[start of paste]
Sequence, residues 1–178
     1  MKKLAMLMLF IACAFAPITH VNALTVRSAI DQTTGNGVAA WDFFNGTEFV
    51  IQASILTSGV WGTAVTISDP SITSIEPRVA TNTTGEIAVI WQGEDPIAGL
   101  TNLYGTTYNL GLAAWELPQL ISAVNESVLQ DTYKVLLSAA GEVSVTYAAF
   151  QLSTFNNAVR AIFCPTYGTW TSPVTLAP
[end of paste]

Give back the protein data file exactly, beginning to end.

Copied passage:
Sequence, residues 1–178
     1  MKKLAMLMLF IACAFAPITH VNALTVRSAI DQTTGNGVAA WDFFNGTEFV
    51  IQASILTSGV WGTAVTISDP SITSIEPRVA TNTTGEIAVI WQGEDPIAGL
   101  TNLYGTTYNL GLAAWELPQL ISAVNESVLQ DTYKVLLSAA GEVSVTYAAF
   151  QLSTFNNAVR AIFCPTYGTW TSPVTLAP